Timing in a hedge fund bust

Escrito el 6 Julio 2007 por Juan Toro en Financial Markets

The seed of the sub-prime mortgage debacle is the fact that more than 6 millions individuals in the US borrowed 100 % of the value of a house when the real state sector was peaking. Moreover these borrowers had a bad history (or just no history at all) on credit borrowing. These borrowers represent a cohort of borrowers that later had a high rate of foreclosure as soon as housing prices started to fall. This was just the countdown of the process, but how did thing proceeded?

Lenders holding the hot potato repackaged the mortgages into MBS (mortagage backed securities or bonds backed by the pool of mortgages) . This MBS are difficult to allocate among investors as the members of the pools (on average ) have a low credit rating. Here is when the concepts of the collaterized debt obligation (CDO) come into play. The CDO is a reshuffling of the credit features of the mortgages within a set of MBS that is engineered by investment banks. Investment banks would take the MBS and would slide them into tranches according to the credit/risk of members in each slice. The end result is that a MBS can be broken down into different pieces/slices/tranches of debt, each with a different credit risk. These operations make different CDOs out of a group of MBS. Generally, through a CDO, a MBS is repackaged in the form of 80 % investment grade bonds, 10 % mezzanine (middle risk) bonds and 10 % equity (high risk). Now each part of the slice can be marketed to different investors according to their risk needs. Obviously the more problematic tranche to allocate is the equity slice. Here is where another player comes in the stage, a hedge fund.

The investment bank that has created the CDO can well decide to start a hedge fund to try to allocate the equity slice of the CDO that generated. The bank will put part of its own money on the hedge fund and will call for further external funds.
The fund will buy the equity slice (the riskiest part of the CDO) from the bank (truly the bank is buying it from itself). If the housing market goes up, the equity slice will perform pretty well as most of the risk of the original MBS is concentrated in this tranche. This early well performance of the fund (in the case of a rise in housing prices) will trigger a new process where leverage is called upon. The hedge fund will call
his prime broker (that might also be the same bank that initiated the hedge fund though not necessarily) and requests higher leverage given that his collateral is worth more. So long as housing prices do well (the end and true collateral in these operation) everything goes well. The hedge fund has more valuable assets (the CDOs they own) and can request a higher leverage against these assets. With fresh flows the hedge fund will get more CDOs from the investment bank and the investment banks will get new MBS deals from the initial lenders.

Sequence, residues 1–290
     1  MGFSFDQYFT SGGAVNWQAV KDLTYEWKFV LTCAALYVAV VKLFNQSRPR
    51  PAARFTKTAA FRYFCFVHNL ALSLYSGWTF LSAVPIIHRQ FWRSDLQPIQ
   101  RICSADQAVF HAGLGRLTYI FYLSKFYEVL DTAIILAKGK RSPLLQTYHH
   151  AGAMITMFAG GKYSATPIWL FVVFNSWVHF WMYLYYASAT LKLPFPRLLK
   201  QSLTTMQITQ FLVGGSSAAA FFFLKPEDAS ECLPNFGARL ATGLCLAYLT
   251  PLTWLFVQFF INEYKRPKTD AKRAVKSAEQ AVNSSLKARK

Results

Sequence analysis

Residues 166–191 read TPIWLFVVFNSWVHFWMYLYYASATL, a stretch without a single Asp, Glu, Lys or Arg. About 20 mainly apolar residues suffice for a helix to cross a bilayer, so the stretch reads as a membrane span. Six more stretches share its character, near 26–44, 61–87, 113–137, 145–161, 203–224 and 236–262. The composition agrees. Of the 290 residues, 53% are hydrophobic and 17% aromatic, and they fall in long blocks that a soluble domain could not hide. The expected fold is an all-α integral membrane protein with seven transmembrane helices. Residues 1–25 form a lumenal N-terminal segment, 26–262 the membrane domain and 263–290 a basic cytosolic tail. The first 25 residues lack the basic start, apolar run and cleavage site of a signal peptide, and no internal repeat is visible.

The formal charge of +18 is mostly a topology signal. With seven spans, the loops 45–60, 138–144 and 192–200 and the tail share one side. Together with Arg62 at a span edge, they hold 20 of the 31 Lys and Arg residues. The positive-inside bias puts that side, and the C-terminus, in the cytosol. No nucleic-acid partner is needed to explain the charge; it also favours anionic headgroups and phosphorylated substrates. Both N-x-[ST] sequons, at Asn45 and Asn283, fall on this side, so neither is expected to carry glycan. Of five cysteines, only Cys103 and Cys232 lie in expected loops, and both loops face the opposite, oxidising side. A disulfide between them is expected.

But things start getting ugly if housing prices go down (and the true
collateral decreases in values). This decline in value originates a spiral of
risk reassessments. Lenders revise their valuation with borrowers (and some of them cannot attend payments). The MBS see its pool of mortgages devalued. The CDOs that are backed against the MBS also sees its creditworthiness diminished. The prime broker that was providing fresh funds to the hedge funds might want to amend their agreement with the hedge fund that has seen a decrease in value of their CDO holdings. The same way the equity slice is very volatile in an upwards market; it is also the worst hit in a declining market.

In a nutshell, this is one way (not the only one) that can explain the bust
of a hedge fund investing in CDOs (sub prime mortgage related). May be this is how it happened in Bearn Stearns. But as in any investment decision, timing matters. If you invested into this business when the housing prices were on the rise, for some time you could have made quite a bit of money. But if you got into it when the
housing prices peaked, things could have turned ugly as it did with Bearn and Stearns. This firm went from having no share in the subprime/CDOs business at the end of 2004 to become the 13th player in terms of liabilities within this business by September of 2005 (see table below from


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